VOL. 126 | NO. 34 | Friday, February 18, 2011
Getting Over It
Getting over the big divide.
Outside, it was a beautiful spring day. Inside, it was a dark afternoon in engineering science lab. In front of me was a pile of balsa wood, popsicle sticks, string, rubber bands and a slide rule. The assignment – design and build a bridge. At that moment – while I was trying to figure out whether the number on my slide rule was 10,000, 100,000 or 10 million, while those around me began to conquer canyons with their popsicle sticks – at that moment I knew I would not be an architect.
Bridges are magic.
They connect, enable, overcome, elevate. They make big things possible when they weren’t before. They make it reachable for the many rather than the few, doable, accessible. I can continue on a path, finish a journey.
I can get there from here. And I can get back.
They inspire, too. The bolts in their bones that master the mysterious forces of nature, the breadth of their spans that takes our breath away, the height of their towers and the might of their cables that suggest the work of giants rather than mere mortals. The very fact that they exist is a symbol of human accomplishment, testimony to the human spirit.
Come on. Tell me you don’t get a little rise every time you drive across a bridge 20 stories above the most powerful river in America. How strong is that rail? Just how many trucks are on this thing right now?
Imagine walking or biking across. Imagine a view of our skyline like no other, pausing over the churning current for the long view past the Hernando de Soto Bridge to the north and around the big bend to the south. A soaring city on a bluff over here, the oxbows and wildlife over there, and the reason we’re here at all flowing far below.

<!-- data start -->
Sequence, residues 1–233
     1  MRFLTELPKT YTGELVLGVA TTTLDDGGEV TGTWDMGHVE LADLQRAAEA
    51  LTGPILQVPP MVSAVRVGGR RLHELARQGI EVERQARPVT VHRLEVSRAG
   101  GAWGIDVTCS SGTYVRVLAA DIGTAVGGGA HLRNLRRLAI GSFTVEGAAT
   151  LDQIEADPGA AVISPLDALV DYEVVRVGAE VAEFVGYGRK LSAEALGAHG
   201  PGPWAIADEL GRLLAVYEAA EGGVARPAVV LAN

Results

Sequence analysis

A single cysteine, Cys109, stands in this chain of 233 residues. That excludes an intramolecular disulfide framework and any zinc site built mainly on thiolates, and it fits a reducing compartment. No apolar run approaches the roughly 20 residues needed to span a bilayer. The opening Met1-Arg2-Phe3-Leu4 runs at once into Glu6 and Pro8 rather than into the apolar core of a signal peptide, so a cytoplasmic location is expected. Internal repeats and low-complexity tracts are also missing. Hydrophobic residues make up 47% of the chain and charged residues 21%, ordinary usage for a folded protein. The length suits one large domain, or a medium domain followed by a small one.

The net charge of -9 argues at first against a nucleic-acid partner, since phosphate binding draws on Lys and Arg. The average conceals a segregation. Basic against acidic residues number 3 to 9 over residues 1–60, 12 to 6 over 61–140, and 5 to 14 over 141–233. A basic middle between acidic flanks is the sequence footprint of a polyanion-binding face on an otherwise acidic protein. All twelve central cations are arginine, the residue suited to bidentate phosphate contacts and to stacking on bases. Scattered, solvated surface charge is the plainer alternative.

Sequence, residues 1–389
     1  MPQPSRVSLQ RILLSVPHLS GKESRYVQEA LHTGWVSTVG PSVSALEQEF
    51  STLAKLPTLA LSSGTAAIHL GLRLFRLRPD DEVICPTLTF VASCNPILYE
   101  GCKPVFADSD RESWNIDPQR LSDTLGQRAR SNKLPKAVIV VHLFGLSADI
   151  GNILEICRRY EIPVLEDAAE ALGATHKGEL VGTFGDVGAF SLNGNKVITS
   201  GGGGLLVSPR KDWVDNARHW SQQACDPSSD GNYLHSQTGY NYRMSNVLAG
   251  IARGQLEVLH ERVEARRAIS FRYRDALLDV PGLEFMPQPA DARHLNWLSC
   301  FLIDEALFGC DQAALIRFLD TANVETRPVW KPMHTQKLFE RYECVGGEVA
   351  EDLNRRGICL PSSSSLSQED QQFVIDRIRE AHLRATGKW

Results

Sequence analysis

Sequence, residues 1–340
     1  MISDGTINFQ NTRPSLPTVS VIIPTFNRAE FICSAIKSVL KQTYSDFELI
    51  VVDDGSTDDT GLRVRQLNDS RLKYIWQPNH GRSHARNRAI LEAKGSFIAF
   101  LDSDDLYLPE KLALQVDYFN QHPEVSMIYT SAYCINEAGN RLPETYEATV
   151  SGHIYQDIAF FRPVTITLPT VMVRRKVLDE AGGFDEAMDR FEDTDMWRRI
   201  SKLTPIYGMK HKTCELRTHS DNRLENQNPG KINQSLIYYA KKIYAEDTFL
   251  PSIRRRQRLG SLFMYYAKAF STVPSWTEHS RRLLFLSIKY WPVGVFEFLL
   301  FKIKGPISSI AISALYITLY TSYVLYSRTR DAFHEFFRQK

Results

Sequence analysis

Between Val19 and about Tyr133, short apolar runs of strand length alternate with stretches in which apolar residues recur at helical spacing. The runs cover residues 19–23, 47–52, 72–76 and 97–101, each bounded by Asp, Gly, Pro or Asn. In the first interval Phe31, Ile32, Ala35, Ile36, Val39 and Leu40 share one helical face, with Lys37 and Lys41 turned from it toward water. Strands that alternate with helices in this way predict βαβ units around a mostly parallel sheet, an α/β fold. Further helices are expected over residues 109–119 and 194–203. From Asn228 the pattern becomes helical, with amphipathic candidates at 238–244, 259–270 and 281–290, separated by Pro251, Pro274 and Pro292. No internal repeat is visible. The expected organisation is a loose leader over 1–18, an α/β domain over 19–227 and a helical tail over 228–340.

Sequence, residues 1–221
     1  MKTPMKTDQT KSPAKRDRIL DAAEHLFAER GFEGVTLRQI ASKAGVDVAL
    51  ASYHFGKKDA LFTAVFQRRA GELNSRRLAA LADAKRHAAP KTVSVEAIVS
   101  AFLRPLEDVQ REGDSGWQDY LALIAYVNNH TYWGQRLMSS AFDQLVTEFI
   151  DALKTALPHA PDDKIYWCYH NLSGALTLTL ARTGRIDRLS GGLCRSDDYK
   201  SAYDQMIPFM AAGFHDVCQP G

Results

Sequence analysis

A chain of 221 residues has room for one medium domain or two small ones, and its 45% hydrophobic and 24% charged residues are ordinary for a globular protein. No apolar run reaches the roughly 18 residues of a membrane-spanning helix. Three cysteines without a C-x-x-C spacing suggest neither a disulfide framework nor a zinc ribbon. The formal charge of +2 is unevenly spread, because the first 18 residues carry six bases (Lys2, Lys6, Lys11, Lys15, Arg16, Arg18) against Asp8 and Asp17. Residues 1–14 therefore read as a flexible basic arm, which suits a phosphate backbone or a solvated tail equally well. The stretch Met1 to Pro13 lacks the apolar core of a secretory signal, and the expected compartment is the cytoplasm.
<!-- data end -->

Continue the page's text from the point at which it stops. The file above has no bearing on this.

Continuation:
You can get a taste of the full panoramic meal while driving, but if you were to pause to take it all in, you’d find out exactly how strong that rail is and meet at least one of those trucks.
The Greater Memphis Greenline and supporters on both sides of the Mississippi are giving us reason to pause. They plan to resurrect the northernmost roadway of the Harahan Bridge, built in 1916 and shut down in 1949, and convert it to pedestrian use. Seems we and Crittenden County already own the span. Eventually, and sooner than we would have thought possible before the opening of the Shelby Farms Greenline and all the work along the Wolf, somebody in Collierville can take a bike or a hike on a dedicated trail all the way to Arkansas.
Big water, big bridges, big skylines and big vistas experienced up close and personal can provide new perspective for big problems. Sharing a trail can give new meaning to sharing views.
Providing all of that on a people scale is a trail marker for a big time city.
I’m a Memphian, and this is a big step.
Dan Conaway is a lifelong Memphian, longtime adman and aspiring local character in a city known for them. Reach him at email@example.com.